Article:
Why soaps and detergents dissolve cell membrane

Why soaps and detergents dissolve cell membrane

Soaps and detergents, resemble lipids, are amphipathetic molecules with both hydrophilic and hydrophobic properties. The long hydrocarbon chains of soaps and detergents are lipophilic, that is, these chains are able to solubilize hydrocarbons (remember, like dissolves like), while the polar portion of the molecule provides solubility in water.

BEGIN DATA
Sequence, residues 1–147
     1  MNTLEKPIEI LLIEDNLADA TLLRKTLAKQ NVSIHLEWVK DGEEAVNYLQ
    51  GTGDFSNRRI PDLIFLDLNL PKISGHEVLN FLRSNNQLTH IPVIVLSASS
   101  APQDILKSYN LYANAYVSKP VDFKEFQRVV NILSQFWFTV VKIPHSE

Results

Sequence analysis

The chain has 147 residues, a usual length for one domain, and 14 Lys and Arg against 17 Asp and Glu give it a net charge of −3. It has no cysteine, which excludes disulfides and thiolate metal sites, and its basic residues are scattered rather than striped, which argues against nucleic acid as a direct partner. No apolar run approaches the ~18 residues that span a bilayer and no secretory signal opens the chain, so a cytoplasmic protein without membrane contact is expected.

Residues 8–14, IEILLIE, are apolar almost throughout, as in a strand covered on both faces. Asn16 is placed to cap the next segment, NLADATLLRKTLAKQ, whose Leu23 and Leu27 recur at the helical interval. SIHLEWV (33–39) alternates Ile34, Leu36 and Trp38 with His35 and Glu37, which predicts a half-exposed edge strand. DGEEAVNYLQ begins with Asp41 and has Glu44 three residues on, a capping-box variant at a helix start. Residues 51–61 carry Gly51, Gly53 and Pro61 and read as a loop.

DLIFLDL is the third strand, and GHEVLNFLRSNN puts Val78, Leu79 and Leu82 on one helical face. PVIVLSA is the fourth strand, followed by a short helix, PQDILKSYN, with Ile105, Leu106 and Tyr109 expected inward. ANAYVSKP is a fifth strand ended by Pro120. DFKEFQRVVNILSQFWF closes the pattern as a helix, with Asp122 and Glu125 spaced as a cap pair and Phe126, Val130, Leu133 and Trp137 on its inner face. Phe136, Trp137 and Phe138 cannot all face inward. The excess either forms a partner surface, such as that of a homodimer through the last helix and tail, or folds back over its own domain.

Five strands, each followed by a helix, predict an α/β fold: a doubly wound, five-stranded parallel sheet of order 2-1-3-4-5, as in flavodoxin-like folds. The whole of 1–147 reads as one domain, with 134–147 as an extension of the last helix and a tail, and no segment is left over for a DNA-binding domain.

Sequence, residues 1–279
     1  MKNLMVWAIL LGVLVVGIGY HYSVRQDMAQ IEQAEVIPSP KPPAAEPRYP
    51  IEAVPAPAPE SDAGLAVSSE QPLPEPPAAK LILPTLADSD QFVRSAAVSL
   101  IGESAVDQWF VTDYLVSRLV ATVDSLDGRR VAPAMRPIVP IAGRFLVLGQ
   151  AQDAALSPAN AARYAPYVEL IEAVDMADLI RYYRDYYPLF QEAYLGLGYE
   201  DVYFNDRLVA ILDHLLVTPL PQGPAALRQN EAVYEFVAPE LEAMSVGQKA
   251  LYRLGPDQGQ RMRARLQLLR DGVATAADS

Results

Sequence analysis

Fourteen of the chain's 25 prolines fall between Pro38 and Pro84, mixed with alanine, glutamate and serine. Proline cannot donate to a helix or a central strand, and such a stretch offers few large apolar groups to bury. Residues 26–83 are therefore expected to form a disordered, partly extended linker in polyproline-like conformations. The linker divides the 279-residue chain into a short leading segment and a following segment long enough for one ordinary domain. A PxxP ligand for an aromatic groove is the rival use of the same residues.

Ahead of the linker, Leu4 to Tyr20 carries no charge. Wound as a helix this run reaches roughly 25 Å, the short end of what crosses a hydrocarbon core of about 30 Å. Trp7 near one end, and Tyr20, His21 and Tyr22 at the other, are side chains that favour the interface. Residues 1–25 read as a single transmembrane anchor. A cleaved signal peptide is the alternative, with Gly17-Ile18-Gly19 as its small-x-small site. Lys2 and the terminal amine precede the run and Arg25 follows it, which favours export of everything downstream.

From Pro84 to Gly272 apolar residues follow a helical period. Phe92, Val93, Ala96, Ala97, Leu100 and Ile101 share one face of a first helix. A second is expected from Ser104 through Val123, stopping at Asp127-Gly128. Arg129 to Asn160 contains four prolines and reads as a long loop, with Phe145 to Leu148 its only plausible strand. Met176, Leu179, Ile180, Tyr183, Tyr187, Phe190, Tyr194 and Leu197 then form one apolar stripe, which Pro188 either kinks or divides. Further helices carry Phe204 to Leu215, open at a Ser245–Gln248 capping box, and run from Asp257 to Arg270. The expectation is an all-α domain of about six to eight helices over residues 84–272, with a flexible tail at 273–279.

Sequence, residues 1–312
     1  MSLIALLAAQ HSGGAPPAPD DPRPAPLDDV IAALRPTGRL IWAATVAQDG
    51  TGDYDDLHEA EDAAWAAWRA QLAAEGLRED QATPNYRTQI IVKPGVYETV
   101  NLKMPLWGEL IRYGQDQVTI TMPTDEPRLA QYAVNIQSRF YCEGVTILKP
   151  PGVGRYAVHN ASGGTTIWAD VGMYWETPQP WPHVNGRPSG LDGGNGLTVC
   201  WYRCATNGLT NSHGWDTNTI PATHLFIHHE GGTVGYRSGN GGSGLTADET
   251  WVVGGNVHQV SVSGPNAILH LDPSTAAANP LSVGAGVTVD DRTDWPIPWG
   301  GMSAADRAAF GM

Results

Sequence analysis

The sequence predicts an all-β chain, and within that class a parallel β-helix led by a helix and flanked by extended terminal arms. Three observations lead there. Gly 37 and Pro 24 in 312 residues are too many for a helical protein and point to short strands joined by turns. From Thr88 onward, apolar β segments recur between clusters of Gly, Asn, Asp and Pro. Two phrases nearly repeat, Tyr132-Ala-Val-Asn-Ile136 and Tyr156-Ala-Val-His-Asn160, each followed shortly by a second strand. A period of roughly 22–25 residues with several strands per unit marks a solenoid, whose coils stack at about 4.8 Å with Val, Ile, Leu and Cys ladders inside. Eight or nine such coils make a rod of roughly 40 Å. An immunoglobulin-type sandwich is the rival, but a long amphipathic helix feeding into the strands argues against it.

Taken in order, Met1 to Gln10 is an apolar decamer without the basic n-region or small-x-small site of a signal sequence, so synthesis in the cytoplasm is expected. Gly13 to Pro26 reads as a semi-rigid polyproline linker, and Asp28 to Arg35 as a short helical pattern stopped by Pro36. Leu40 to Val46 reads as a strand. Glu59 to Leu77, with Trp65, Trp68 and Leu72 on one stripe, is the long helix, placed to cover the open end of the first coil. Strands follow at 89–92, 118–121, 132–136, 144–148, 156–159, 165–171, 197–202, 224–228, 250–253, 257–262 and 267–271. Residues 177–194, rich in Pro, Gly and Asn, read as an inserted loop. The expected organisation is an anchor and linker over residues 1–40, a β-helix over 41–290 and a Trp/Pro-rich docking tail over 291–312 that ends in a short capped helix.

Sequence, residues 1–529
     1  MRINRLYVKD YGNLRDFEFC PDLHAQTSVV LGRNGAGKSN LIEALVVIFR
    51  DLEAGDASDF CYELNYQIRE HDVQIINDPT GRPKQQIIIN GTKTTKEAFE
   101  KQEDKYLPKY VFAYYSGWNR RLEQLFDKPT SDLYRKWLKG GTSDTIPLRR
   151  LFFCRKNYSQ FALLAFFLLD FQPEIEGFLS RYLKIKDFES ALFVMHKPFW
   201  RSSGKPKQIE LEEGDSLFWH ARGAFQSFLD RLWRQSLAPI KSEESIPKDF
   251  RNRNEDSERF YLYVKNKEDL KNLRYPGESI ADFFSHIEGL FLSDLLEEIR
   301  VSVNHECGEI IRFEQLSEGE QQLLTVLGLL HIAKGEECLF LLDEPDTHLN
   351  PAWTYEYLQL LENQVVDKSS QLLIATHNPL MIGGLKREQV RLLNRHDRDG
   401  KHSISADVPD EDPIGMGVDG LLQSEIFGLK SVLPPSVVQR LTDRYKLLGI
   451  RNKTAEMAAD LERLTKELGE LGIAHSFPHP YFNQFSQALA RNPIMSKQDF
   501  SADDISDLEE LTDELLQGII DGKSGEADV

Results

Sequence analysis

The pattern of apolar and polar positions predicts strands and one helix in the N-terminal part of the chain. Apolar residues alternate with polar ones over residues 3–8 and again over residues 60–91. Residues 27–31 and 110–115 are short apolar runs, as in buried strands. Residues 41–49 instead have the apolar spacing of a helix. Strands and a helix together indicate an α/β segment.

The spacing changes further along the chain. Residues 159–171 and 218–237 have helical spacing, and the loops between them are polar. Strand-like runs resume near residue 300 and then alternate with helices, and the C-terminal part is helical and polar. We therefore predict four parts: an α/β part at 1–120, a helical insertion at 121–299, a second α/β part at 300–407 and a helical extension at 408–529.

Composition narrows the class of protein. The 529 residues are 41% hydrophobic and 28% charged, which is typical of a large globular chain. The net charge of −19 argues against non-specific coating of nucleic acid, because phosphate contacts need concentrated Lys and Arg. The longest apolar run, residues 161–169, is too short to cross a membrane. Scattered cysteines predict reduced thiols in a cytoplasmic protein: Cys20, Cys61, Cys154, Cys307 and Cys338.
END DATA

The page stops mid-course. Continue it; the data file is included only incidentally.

Soaps and detergents work on oily materials by dissolving their hydrocarbon tails in the oils in a manner such that the polar groups are facing outward into the surrounding water forming micelles around the oil.

How detergent dissolve cell membrane

 Video shows rupture of RBC membrane by a detergent


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